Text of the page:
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Reviving Pakistan’s Tourism

August 18, 2023

Recently, a large number of domestic visitors began travelling to those locations after PTI Chairman Imran Khan tweeted images from his trip to Kumrat and Palas in Kohistan.

After being transferred to the provinces eight years ago, the tourism industry still receives little attention. Failures include developing a provincial tourism strategy and having insufficient facilities to draw both domestic and foreign tourists.

Despite its enormous potential, the tourist industry is still not a top priority. As a result, despite its enormous potential, travel and tourism’s contribution of the GDP has been essentially unchanged at 2.8%. This percentage hovers around 30% in several nations with nearly identical tourist-attraction offerings.

Due to the security situation after 9/11, which affected the entry of foreign tourists, the business suffered a setback.

Khyber Pakhtunkhwa has emerged as the leading province in terms of formulating a provincial tourist policy, which it is subsequently putting into practise. The Balochistan Tourism Act and tourism guide were also passed in Balochistan in 2014. A state tourism policy for Azad Jammu and Kashmir was created in 2016, however the law division has not yet approved it.

In Punjab and Sindh, there isn’t a specifically designated provincial tourism strategy, and in Gilgit Baltistan, it still falls under the federal government’s control, which doesn’t appear to have any active policies or institutions to promote international travel.

The provinces have picked locations to build tourism facilitation facilities in order to gain from tourism. While Punjab has touted its sightseeing bus service in Lahore, its Cholistan desert rally, and its Murree chairlift project as success stories, Balochistan has chosen 64 sites with a goal of enhancing natural and heritage tourism.

Additional opportunities for religious tourism (Sikhism, Hinduism, and Buddhism), ecotourism, and showcasing Mughal and British imperial buildings exist in KP, Punjab, and Kashmir.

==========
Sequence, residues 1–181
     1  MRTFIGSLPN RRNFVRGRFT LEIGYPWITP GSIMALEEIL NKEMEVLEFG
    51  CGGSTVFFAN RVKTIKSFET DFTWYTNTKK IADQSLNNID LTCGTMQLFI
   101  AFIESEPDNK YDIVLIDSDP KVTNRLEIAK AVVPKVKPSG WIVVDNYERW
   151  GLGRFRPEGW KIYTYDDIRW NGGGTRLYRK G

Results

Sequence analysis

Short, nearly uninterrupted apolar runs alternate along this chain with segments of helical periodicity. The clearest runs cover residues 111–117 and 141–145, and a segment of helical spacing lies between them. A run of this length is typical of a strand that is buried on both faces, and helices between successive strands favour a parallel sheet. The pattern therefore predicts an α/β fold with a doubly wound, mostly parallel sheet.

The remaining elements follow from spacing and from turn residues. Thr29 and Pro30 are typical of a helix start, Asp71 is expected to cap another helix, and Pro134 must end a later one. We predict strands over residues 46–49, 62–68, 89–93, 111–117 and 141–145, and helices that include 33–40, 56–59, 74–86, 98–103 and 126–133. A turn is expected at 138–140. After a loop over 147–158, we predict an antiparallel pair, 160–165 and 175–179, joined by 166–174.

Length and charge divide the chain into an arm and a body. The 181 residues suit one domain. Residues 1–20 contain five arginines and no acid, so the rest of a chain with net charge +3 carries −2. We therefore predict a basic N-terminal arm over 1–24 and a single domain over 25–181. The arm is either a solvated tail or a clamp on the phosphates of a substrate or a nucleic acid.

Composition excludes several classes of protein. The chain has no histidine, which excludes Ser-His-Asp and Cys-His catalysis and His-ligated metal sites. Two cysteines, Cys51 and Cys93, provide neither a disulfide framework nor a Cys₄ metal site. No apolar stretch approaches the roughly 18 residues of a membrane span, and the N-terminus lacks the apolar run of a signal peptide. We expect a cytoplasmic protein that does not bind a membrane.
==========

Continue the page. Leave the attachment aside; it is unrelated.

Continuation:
The execution of comprehensive programmes to draw tourists is where the true issue lies.

The issues that have been identified as impeding tourism in Pakistan are primarily related to insufficient infrastructure, bad travel advice for foreign visitors, boarding and lodging, poor connectivity by air and road, the need for NoCs for foreign visitors to travel to northern regions, including AJK, a lack of trust in the public and private sectors, subpar tour operators, and a lack of skilled workers in the sector.

Due to these difficulties, Pakistan was placed 124th out of 136 nations in the 2017 World Economic Forum Travel and Tourism Competitiveness Index. The lowest score, 135 out of 136 countries, was brought about by the need for visas.

Among the 136 nations polled for the report, the country came in at number 132 in terms of prioritising travel and tourism. Similar to this, the efficacy of marketing and branding to draw tourists received the 125th out of 136th place score.

The assessment gave hotel rooms a grade of 129 and the quality of tourism infrastructure a ranking of 123. Pakistan has 36 cultural monuments that are part of the World Heritage List and 127 natural attractions.

Few areas that required action were identified through discussions and interviews with tour operators and provincial tourism departments: the revival of tax concessions on the import of hotel machinery, the offering of land for lease, the rationalisation of taxes to develop hotels, and the establishment of a formal institute to train and develop human resource for tourism services.

No coordinated marketing approach exists. There is no department at the federal level that coordinates with provinces to promote tourism on a global scale. The Pakistani Trade Development Authority is capable of handling it. There are just a few models that can be copied, like the Dubai Commerce and Tourism Marketing Board and the Malaysian Tourism and Exports Development Board. These two boards are in charge of advertising tangible goods and travel-related services.

The KP administration has spent billions on essential amenities to draw domestic tourists to the province in the absence of foreign tourists.

Reforms were implemented in Galiyat, including Nathiagali, during the first phase. These changes include a tyre store, a prayer room, and a snack shop at the side of the road. The Tourism Area Integrated Development Unit project, which will be completed in Kalam, Naran, Chitral, and Shangla, will cost an additional Rs2.3 billion. Similar facilities would be made available to tourists under this project.

Another $55 million has recently been allocated, according to a KP tourism department official, for the development of more tourist destinations including Kumrat, Jaaz Banda, etc. But according to him, all of these changes are related to the land’s suitability for the construction of tourist attractions.

The number of domestic visitors to KP has increased from 8m to 20m over the past two years. “We anticipate that this number will rise even further as more facilities are built,” the man stated.

The provincial government has also engaged consultants to help with a sectoral analysis, which will cost $2.3 million.

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